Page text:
06 October 2011

Tokyo Tour Day 1 ~ Happy Landings in Shinjuku

After nearly 18 hours in transit we hit the streets of Tokyo. This is the very first hour of a ten day street food holiday, our third eating trip to Japan, our second visit to Tokyo, and we're near peeing our pants with excitement.

We're mad with food and beer lust. We bravely skipped airport and train snacks to save our appetites for our favourite Japanese institution: the standup bar. We discover standup bars are hard to find in Shinjuku, they seem to be a dying breed.

But somehow Alison sniffs out the only one in our area. It's a beauty too.

This tiny standup bar is packed and very happy on a Friday night. The owners are warm and friendly. We use half of our four word Japanese vocabulary to order 'nama beeru' - draught beer. Japanese tap beer is sensational, we're yet to have a shabby one. It's poured straight out of the keg, no lines to get dirty, it would make at least half the pubs in Australian hang their heads in shame. Draught Sapporo is so dreamy creamy.

We order food by pointing at what other folks are eating, saying 'kore wa' and grinning like idiots. Our first mystery punt is a winner: fried fish cakes with finely chopped shallots and ginger, with a splash of soy joy.

It's such a simple dish but cooked so well. It highlights what is so wrong about izakaya style food in Australia: it's either elevated to a high art with matching price tag, or cheap but lazily cooked. This is food for the people, cheap but always prepared with care and attention to detail.

Another mystery punt: pickled vegetables with sesame oil and a hint of chili. Joy. A kind reader tells us this is called za-sai - pickled mustard plant stem, originating from Sichuan, China.

Shumai - a Japanese take on Chinese dumplings, stuffed with ebi (prawns) and most likely pork, with hot mustard on the side. Again, simple but perfectly prepared.

Edomame - on the house! We must be extra good looking tonight!

We finish off with some yakatori. On the left is a random but delicious part of a chicken. It's fatty, salty and crispy, a perfect beer snack. But the stars of the evening are those little beauties on the right: quail eggs wrapped in bacon with mild, flavoursome, de-seeded chilis sprinkled with pepper. Perfectly cooked and seasoned.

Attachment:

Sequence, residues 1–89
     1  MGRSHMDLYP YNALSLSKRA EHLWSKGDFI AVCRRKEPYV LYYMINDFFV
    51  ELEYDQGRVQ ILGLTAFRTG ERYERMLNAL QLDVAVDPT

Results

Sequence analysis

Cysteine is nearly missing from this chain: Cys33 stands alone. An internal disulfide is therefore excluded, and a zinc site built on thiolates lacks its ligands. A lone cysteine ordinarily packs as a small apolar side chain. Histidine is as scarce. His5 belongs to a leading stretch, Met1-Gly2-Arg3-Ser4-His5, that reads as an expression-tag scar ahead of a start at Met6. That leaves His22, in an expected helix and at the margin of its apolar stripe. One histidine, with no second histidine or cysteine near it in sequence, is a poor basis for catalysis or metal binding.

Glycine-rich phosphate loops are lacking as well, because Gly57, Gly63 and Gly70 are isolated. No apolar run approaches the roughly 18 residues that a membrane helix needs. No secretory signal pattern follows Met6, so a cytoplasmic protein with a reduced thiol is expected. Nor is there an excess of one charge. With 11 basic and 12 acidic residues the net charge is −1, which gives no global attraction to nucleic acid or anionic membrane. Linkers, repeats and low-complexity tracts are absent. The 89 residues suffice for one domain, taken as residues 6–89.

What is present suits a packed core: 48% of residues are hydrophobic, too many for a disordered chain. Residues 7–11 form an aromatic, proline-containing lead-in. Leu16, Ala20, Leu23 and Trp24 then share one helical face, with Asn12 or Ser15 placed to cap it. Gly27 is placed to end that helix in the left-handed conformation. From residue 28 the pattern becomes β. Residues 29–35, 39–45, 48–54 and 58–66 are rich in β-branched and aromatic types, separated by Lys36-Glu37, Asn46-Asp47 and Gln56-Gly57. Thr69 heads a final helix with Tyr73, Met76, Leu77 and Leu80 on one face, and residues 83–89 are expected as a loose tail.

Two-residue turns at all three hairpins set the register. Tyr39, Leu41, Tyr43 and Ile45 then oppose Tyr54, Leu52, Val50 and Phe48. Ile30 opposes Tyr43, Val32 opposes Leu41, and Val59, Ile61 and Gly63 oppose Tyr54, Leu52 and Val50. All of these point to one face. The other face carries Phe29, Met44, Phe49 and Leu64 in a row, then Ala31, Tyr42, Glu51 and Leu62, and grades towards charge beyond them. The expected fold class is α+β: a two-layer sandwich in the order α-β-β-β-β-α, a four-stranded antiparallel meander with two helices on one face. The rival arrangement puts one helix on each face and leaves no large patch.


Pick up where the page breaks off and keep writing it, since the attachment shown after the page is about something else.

The bacon\quail egg number is the last thing we expected to be eating in Japan. It looked like it escaped from a 1970's Women's Weekly (pass the Jatz and Cabanossi will you Vera?).

This drives home the fact that even after two serious eating trips to Japan, countless Japanese restaurant meals and much home cooking exploration, we still really know bugger all about Japanese food. And this is a wonderful thing. Japanese food varies from region to region, suburb to suburb, house to house. Food evolves with time and availability, cuisines merge, tastes change. Also perceptions differ based on experience. If aliens landed in Tokyo they'd swear the Japanese national dishes were curry and pasta. It means our food journey is endless, we'll be writing this blog forever, and it's going to be a good holiday. Cheers.


  1. The second dish is "za-sai" in Japanese.

  2. Welcome back. I missed the regular postings of your shenanigans and was having withdrawal symptoms, so it's great to hear how your trip to Japan went. Your last paragraph is quite universal because you could replace the word "Japanese" with "Australian" and "Tokyo" with "Sydney" and read it over again and there would be a lot of truth in it. Consider how our culinary landscape has evolved over the years "Vera". I would imagine that the Japanese are no different to us. I wonder what Aliens would think if they landed in Leichhardt and one hour later teleported themselves to Haymarket. "W.T.F." more than likely.